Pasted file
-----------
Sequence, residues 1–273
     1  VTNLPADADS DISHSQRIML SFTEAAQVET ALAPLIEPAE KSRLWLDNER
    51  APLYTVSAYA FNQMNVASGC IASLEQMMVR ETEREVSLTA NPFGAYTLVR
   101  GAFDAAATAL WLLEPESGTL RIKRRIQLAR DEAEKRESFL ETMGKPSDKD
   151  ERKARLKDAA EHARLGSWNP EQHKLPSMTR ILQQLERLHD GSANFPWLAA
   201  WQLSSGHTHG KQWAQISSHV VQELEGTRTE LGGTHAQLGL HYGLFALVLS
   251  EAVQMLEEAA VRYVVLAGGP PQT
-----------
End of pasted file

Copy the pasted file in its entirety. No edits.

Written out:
Sequence, residues 1–273
     1  VTNLPADADS DISHSQRIML SFTEAAQVET ALAPLIEPAE KSRLWLDNER
    51  APLYTVSAYA FNQMNVASGC IASLEQMMVR ETEREVSLTA NPFGAYTLVR
   101  GAFDAAATAL WLLEPESGTL RIKRRIQLAR DEAEKRESFL ETMGKPSDKD
   151  ERKARLKDAA EHARLGSWNP EQHKLPSMTR ILQQLERLHD GSANFPWLAA
   201  WQLSSGHTHG KQWAQISSHV VQELEGTRTE LGGTHAQLGL HYGLFALVLS
   251  EAVQMLEEAA VRYVVLAGGP PQT